The database logically splits the index into one subindex with the key F and a second subindex with the key M. When searching for the record for the customer whose email is Abbey company. The more order that exists in row storage for this value, the lower the clustering factor.
The index entries point to random table blocks, so the database may have to read and reread the same blocks over and over again to retrieve the data pointed to by the index. The index keys in a range tend to point to the same data block, so the database does not have to read and reread the same blocks over and over. The clustering factor is relevant for index scans because it can show: Whether the database will use an index for large range scans The degree of table organization in relation to the index key Whether you should consider using an index-organized table, partitioning, or table cluster if rows must be ordered by the index key For example, assume that the employees table fits into two data blocks.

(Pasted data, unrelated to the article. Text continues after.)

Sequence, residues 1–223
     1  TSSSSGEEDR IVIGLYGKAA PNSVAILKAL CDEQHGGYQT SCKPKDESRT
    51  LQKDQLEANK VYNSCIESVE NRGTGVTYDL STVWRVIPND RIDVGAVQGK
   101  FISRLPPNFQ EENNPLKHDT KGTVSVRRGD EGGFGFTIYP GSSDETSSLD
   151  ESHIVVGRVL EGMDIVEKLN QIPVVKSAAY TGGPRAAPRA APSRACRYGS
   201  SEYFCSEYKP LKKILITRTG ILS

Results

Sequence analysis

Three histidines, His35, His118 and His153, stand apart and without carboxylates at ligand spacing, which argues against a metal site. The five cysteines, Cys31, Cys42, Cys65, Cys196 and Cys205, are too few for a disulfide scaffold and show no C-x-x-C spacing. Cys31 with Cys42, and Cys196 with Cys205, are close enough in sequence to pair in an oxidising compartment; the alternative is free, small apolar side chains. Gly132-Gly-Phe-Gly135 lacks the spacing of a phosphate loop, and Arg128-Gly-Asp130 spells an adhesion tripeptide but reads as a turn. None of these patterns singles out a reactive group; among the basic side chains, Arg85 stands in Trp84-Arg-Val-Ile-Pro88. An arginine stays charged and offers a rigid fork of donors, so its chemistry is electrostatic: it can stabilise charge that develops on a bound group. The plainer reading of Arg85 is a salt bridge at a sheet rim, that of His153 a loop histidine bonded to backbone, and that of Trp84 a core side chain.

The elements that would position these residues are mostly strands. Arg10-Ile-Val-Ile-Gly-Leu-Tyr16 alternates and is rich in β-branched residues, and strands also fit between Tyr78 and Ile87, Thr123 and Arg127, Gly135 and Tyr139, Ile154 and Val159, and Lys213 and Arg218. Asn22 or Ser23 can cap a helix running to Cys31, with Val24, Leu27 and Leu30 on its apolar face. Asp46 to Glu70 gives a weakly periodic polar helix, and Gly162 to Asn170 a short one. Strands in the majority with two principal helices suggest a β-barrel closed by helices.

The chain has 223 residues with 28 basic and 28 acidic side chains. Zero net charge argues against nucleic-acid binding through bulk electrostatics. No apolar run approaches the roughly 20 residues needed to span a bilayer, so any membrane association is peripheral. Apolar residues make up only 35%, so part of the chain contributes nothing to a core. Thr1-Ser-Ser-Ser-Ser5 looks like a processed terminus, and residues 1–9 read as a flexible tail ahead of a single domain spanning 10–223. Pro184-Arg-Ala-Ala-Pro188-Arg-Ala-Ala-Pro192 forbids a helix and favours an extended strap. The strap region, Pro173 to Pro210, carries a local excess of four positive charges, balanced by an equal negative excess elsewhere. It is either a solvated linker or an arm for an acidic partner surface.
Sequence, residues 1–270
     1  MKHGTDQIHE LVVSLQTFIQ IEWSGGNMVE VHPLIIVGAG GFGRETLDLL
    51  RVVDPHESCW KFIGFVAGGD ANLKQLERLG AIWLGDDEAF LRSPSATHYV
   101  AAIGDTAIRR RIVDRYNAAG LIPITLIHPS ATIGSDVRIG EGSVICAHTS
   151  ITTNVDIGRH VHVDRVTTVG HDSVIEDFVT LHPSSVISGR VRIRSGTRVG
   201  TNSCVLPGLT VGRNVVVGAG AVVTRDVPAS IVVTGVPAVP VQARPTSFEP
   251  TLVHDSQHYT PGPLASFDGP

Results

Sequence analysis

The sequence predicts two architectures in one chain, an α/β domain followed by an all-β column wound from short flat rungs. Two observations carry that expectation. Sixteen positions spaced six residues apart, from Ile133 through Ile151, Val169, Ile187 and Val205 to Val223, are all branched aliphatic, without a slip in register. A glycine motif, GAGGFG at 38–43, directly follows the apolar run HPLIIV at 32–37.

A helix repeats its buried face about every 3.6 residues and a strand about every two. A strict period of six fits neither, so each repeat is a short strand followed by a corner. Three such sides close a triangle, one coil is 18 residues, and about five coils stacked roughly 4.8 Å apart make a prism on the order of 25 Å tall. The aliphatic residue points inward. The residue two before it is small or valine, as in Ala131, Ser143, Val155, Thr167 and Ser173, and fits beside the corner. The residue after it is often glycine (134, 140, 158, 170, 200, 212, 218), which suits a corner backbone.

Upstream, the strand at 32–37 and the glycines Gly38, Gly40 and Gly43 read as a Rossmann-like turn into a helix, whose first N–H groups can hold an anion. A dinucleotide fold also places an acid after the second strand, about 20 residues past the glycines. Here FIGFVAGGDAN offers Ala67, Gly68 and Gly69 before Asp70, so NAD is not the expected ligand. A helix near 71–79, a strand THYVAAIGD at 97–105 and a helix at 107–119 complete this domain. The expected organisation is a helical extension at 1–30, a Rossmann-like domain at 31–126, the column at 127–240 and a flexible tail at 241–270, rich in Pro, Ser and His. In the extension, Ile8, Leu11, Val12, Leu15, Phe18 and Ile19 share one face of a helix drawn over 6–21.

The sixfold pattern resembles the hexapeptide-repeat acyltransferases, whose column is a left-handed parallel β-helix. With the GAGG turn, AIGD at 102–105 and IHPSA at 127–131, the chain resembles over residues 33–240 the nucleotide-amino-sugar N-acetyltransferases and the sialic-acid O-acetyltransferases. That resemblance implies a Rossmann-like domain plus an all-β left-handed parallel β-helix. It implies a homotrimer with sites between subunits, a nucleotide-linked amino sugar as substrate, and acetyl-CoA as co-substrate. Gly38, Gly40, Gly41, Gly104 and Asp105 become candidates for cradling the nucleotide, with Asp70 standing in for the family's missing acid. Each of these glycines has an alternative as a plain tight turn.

Table depicts the rows in the two data blocks the ellipses indicate data that is not shown. Rows are stored in the blocks in order of last name shown in bold. For example, the bottom row in data block 1 describes Abel, the next row up describes Ande, and so on alphabetically until the top row in block 1 for Steven King.
The bottom row in block 2 describes Kochar, the next row up describes Kumar, and so on alphabetically until the last row in the block for Zlotkey. Assume that an index exists on the last name column. Each name entry corresponds to a rowid. Conceptually, the index entries would look as follows: Abel,block1row1 Ande,block1row2 Atkinson,block1row3 Austin,block1row4 Baer,block1row5. Assume that a separate index exists on the employee ID column.